5th June 2018, 09:22
Super Saturday for WRL as new young players and new referees are discovered
It was a Super Saturday for the development of Rugby League in Wales last weekend where both new young players and new referees were discovered.
Young players are put through their paces by the coaches.
At the Centre for Sporting Excellence in Ystrad Mynach, 80 youngsters aged between 14 and 16, many of whom had never played rugby league before, went to open trials for the Wales under 16 side.
And just over the mountain at Sardis Road in Pontypridd, nine new match officials were being trained with some being thrust into the deep end and taking charge of junior games the next day.
It was an exciting day at Ystrad Mynach. The Wales under 16 side were brought into the national limelight last year after beating England for the first time ever at that level. Most of those players have since trained with and some have turned out of Super League club academies and many have now been selected for this year’s Wales under 19 squad.
The number of potential codebreakers amplifies this. Over half of the 80 who attended are not yet registered to a rugby league club but that didn’t stop their talent showing through.
The players, who came from all over Wales, as well as the North West of England, Yorkshire, Humberside and London, were separated into five teams. The trial itself consisted of five activities which incorporated skills based assessments, before the players moved into five 18 minute full contact trial games.
Wales v England under 16s from 2017
In 2018 Wales will once again face England and head coach Jason Seddon is not overly phased by the task at hand, given the talent on show at the trial and the squad he will have at his disposal.
He said: “We did expect that the trial would provide us with some selection headaches, but probably not as many as we are going to have after today. Its enormously encouraging for the sport as a whole in Wales to have such a strong pool of young players with so much potential in this representative programme, the opportunity to bring them all together like this and work with them at such a great facility is quite a privilege for myself and all the coaches within our group".
“We are certainly further on this year in terms of our off-field organisation, our coaching group has some new additions which I am really pleased with and it’s likely we will see an improvement on the field. However it’s important we don't get ahead of ourselves and we just focus on creating a really good environment that the players enjoy being part of whilst they continue to learn and develop as young people and of course rugby league players.
“England will be very good, I have absolutely no doubt about that, and last year’s result will be something they will not want a repeat of so I expect they will be ready to go come September 1st. That said, so will we and our focus will not necessarily be on England, it will be more about us preparing to be the best we can be on the day. If we do that well, then given the talent we have in Wales it’s going to be difficult for any team to come here and take something from the game. But that's quite a way down the track and we just need to ensure we give all the players the best opportunity possible for them to be part of that fixture. Everything else will take care of itself once we get to kick off time.”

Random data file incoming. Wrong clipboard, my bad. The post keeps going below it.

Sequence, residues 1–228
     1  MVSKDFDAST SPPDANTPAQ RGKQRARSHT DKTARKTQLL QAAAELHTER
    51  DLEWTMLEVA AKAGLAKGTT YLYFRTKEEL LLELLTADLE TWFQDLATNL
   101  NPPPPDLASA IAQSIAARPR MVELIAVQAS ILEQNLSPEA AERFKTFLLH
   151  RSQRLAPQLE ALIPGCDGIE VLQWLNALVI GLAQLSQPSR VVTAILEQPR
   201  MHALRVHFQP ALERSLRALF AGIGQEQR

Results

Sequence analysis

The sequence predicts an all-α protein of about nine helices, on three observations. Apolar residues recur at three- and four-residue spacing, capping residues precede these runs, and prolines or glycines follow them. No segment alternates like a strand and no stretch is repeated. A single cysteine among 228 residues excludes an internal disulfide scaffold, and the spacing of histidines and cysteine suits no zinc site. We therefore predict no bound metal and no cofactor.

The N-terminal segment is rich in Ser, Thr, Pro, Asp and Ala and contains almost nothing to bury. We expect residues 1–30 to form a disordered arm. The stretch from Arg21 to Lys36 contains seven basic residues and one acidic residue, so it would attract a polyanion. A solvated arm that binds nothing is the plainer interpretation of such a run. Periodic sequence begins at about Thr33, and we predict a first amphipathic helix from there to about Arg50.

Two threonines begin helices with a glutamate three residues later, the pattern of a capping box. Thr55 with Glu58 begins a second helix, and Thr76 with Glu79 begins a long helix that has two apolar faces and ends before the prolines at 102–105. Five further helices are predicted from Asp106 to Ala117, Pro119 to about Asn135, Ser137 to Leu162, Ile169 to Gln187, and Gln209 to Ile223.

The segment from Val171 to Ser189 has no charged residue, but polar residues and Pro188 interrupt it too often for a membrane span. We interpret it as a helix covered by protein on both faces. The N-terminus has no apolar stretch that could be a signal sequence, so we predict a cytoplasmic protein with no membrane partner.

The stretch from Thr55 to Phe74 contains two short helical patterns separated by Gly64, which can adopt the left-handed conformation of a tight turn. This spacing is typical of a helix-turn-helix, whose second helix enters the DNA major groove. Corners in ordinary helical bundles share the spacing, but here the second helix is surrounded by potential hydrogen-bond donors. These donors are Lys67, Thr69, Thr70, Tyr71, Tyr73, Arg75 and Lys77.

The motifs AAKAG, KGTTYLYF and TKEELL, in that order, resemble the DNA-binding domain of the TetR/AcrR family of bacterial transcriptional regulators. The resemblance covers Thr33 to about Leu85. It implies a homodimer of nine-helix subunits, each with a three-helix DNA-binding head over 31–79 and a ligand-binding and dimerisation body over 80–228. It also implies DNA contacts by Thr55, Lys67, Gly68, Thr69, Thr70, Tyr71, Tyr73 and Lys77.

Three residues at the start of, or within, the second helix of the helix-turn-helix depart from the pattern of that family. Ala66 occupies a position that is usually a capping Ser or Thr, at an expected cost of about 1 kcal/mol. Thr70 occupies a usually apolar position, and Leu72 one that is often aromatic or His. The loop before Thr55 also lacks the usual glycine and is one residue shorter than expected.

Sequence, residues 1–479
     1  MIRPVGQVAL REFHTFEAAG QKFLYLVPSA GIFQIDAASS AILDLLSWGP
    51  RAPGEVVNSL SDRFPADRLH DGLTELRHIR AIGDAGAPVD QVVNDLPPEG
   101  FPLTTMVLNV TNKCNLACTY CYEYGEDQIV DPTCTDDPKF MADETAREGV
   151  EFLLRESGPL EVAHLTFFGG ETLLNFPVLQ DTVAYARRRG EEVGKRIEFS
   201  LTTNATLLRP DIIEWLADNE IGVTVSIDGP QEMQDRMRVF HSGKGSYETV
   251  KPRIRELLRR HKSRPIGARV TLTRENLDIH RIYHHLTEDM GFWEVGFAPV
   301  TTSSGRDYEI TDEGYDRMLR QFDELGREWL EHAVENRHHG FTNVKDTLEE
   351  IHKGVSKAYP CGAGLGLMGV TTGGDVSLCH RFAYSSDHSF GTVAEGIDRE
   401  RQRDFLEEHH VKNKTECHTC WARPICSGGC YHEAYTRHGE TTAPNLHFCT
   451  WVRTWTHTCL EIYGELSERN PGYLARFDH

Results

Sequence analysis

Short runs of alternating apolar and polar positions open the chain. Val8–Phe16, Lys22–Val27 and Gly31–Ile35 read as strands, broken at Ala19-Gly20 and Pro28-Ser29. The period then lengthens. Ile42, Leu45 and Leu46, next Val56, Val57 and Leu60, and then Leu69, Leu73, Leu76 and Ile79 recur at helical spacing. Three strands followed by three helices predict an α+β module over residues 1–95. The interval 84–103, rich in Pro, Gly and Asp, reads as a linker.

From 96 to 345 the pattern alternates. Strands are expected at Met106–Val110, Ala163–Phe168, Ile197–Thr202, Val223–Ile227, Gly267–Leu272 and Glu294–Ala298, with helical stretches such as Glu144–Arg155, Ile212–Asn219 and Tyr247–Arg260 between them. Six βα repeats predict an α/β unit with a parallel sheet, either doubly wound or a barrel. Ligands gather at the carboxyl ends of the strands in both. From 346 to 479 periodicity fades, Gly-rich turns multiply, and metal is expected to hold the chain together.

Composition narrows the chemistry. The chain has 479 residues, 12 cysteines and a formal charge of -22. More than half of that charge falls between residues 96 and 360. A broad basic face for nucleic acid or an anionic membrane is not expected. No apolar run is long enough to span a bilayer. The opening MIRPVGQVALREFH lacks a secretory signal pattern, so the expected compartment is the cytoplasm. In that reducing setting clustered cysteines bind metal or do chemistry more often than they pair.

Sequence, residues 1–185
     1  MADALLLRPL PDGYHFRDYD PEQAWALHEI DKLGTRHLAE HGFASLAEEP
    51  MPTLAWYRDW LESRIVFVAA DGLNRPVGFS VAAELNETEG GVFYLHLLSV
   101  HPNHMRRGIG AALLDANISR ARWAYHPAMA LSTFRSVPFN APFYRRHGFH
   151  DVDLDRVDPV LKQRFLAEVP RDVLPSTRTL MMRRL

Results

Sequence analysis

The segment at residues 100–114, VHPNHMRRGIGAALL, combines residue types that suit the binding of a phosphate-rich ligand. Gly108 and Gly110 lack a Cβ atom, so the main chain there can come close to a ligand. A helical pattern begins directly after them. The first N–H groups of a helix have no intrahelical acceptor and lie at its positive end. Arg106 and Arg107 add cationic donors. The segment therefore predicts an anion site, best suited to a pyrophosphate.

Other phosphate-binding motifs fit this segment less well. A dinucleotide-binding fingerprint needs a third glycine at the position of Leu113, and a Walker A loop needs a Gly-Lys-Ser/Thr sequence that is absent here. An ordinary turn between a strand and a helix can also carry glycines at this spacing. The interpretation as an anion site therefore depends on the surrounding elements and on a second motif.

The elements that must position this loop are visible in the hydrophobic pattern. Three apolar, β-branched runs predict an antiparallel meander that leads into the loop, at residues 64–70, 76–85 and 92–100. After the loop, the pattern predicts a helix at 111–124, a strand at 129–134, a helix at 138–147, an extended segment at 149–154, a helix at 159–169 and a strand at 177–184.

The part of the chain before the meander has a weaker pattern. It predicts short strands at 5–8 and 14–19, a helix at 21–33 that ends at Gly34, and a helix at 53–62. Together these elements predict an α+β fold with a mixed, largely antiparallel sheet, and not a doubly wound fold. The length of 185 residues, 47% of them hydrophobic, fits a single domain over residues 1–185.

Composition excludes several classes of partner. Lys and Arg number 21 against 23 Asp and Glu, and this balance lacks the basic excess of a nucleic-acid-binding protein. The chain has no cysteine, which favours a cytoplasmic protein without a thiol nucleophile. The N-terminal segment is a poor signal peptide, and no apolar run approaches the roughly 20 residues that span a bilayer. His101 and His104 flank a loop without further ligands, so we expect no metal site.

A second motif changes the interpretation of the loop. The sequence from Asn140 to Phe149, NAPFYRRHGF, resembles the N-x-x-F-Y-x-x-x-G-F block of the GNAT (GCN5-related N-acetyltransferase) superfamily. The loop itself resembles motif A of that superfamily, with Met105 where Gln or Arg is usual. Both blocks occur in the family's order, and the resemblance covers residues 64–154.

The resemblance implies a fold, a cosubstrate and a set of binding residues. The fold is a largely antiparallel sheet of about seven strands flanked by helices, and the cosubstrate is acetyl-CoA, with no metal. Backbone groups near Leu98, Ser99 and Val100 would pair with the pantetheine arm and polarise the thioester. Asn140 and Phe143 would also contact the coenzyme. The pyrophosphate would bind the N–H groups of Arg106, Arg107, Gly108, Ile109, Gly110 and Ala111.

Matt Brooks, junior coach and now rugby league referee
The referee’s course was every bit as essential for the future of the game in Wales as there are now up to three senior and six junior domestic matches on most weekends in South Wales throughout the summer.
The participants were put through their paces in a two hour classroom session going through the basic rules of the game. After this they spent another hour on the field where they were shown how to officiate specific field positions or activities including scrums, kick chases and offsides, the try line and in goal area and also touch judging.
After this, they sat in the stand and watched the referee who was officiating in the Rhondda Outlaws v Cardiff Blue Dragons game, one of three matches played in the Welsh Premier League that day.
WRL’s national development manager Paul Chambers said: “Congratulations to all of the participants who successfully completed the course, and especially to those who then had a baptism of fire and refereed junior games the next morning.
“A big thank you to Ian Curzon for leading the course. There will be another course organised in West Wales in the next few weeks."
Needing a referee for his own side the next day, Matt Brooks took charge of Llanelli Knights v Penlan Wild Stallions under 13s, which was played as a curtain raiser to West Wales Raiders v Newcastle Thunder.
The Swansea-based Brooks said: “I found the Referee course very helpful and informative. Both theoretical and practical aspects were delivered brillialy in my opinion. The course with assistance from the West Wales Raiders coaching team, helped me referee my first under 13s game successfully. Thanks to all involved.”
Aber Valley Wolves general manager Helen Treherne was also pleased to see new referees especially as there was an influx of players wanted to turn out at their under 13 encounter against Cardiff Blue Dragons on Sunday. Both sides turned up with over 30 players so they were able to have a 25-minute additional “development” game.
She said: “It was a successful extra 25 minutes between the Wolves and Dragons under 13s on Sunday. I think all the boys benefitted, especially those who were new to the game. It was also a great opportunity to ease the newly qualified referees in too.”